- Investing in consolidated areas: It is best to look for properties in consolidated areas with a strong demand for rental homes, which are also well connected and offer a wide range of services. In Madrid, for example, the districts within the ring road of the M-30 are very interesting. Large business centers or college districts are also a good choice, as there will always be demand. The properties in the city center are always the best, although the initial investment will be much higher there.
- Properties in good condition: If a property is going to be rented, it is important that it is in good condition to make it attractive to tenants. If you want to renovate the apartment after purchase, the purchase price should be as low as possible and the property should not have a complicated room layout. The average price of a renewal is between 450 and 500 euros/m2. The condition of the residential building should also be inspected to avoid unpleasant surprises and additional costs later on.
- How is performance calculated? To calculate the initial investment, in addition to the purchase price, it is necessary to take into account taxes, the costs of buying accessories and the costs of furnishing and renovating the property (paintings, appliances, furniture, etc.). Once you have this information, you can calculate the return on your investment.
- Before making your decision, you should inform yourself in detail about the ancillary costs involved, if you have enough equity to buy the house or apartment or finance part of the purchase price. In general, you should allow 10-15% of your budget for the costs associated with the purchase.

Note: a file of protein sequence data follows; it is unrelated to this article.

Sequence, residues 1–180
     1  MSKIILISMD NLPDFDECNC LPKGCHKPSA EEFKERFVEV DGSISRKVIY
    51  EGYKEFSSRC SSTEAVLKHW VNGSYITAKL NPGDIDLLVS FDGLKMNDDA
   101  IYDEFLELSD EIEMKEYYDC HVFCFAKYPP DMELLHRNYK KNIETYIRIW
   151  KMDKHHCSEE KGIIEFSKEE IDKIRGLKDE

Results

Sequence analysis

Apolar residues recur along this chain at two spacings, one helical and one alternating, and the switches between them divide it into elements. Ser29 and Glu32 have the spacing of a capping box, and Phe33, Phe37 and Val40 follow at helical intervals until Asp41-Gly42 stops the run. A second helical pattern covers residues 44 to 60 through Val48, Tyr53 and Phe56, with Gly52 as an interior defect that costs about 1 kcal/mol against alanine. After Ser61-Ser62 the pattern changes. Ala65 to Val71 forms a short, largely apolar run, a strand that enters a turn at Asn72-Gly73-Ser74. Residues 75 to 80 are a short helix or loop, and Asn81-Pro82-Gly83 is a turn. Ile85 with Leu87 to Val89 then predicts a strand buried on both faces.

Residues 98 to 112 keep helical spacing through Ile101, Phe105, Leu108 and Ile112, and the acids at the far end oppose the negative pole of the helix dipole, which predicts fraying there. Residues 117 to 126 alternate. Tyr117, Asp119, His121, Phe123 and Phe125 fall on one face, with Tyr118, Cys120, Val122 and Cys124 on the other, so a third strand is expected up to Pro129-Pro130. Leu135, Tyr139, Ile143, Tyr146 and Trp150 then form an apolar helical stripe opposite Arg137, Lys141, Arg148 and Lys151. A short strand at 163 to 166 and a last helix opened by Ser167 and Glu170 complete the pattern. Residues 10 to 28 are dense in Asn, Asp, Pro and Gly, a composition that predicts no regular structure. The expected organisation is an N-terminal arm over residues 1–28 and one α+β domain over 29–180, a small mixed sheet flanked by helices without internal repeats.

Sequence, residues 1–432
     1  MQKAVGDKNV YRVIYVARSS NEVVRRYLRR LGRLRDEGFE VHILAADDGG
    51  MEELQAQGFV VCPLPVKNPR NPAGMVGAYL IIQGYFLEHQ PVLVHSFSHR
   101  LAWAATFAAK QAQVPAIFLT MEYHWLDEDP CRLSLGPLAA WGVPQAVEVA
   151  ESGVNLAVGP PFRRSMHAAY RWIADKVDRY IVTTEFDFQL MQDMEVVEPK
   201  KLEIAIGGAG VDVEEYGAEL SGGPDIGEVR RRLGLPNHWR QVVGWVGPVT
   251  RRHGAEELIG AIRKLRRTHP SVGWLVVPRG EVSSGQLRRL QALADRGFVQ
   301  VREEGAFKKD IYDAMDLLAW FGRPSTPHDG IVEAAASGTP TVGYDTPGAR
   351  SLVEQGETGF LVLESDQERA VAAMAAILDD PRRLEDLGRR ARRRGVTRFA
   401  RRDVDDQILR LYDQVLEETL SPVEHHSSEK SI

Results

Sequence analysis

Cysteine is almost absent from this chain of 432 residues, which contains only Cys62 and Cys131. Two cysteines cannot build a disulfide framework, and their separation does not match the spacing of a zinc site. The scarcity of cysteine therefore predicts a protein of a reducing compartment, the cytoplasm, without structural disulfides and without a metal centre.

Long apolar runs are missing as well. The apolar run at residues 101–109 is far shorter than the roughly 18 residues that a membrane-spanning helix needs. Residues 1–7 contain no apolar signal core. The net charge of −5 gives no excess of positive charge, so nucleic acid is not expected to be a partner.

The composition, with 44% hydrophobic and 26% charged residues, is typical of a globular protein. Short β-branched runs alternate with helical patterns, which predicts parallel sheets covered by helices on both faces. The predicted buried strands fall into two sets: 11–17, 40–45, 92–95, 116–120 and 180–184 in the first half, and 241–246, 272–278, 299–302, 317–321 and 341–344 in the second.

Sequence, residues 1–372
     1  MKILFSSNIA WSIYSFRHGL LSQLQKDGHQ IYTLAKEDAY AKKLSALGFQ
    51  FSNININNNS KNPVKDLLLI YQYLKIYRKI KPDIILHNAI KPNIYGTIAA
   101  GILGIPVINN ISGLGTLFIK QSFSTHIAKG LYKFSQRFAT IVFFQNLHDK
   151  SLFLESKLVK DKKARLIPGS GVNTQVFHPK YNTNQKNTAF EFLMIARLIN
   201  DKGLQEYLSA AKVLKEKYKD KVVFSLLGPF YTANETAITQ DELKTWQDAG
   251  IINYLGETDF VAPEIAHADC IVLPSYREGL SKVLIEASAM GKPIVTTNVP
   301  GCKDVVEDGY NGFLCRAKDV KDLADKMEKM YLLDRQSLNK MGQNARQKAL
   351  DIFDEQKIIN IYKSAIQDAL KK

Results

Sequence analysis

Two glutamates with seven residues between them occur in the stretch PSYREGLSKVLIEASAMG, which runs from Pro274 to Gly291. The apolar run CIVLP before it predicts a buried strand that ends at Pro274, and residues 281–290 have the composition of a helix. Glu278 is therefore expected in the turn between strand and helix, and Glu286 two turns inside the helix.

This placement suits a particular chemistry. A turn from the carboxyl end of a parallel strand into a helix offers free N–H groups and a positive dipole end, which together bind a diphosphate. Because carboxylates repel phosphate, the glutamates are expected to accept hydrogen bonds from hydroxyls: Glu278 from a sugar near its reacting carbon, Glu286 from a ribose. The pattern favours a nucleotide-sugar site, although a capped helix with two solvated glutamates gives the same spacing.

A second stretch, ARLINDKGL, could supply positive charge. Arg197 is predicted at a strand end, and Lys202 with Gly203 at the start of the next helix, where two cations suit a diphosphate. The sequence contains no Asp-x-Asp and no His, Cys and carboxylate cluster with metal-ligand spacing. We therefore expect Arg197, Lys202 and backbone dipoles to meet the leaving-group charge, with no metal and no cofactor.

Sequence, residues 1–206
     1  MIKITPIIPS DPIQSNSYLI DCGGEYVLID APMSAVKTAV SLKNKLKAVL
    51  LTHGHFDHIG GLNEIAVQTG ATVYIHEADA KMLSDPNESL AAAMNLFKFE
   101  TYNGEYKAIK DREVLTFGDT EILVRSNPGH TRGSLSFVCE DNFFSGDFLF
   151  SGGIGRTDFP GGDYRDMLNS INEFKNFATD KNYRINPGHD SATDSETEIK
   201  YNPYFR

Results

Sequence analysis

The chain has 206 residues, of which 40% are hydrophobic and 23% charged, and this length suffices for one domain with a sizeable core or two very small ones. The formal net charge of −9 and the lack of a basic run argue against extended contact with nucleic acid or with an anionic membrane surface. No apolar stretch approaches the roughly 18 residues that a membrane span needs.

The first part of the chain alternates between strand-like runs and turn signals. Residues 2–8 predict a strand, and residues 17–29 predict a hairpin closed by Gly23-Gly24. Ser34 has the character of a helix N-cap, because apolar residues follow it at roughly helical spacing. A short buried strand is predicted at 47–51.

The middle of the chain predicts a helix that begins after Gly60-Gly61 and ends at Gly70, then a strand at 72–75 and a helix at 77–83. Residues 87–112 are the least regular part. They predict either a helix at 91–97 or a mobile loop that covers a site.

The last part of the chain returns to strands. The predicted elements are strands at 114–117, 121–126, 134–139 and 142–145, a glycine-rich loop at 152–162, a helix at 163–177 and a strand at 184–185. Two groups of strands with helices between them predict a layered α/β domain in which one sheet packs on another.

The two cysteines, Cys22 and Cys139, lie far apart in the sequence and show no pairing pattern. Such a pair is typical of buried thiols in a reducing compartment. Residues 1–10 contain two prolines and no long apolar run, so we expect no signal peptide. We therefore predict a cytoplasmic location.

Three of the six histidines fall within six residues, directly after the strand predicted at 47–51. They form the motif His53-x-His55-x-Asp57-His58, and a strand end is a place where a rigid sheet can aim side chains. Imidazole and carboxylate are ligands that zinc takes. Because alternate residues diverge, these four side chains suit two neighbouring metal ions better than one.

- All property contracts in Spain must be signed with a notary public. Fees for this are fixed by law and range from 800 to 875 euros, depending on the purchase price. For registration in the registration of the property (similar to the registration of the property) another 400 to 675 euros must be allowed; fees are also set by law.

- An important part of the additional costs when buying a property are taxes. The type and amount of taxes payable depends on whether the property is newly built or formerly owned. In the case of new constructions, 10% value added tax (VAT) is paid, as well as 0.5% to 1.5% certification tax (AJD - Documented Legal Acts), depending on the autonomous region.
- 6 to 8 percent real estate transfer tax
- Property of former ownership is subject to the property transfer tax (ITP), to the extent that the buyer and seller are natural persons. The amount of the tax depends on the Autonomous Community in which the property is located and varies between 6% and 10%. If you have hired a Manager to handle the purchase transaction, you must also pay a fee, which is usually about 300 euros.
- If you finance part of the purchase price through a Spanish bank, you will also have to allow around 250 to 600 euros for the valuation of the property by a surveyor. The loan agreement also includes notary fees, registration in the property registry, and certification taxes, although these are usually paid by banks.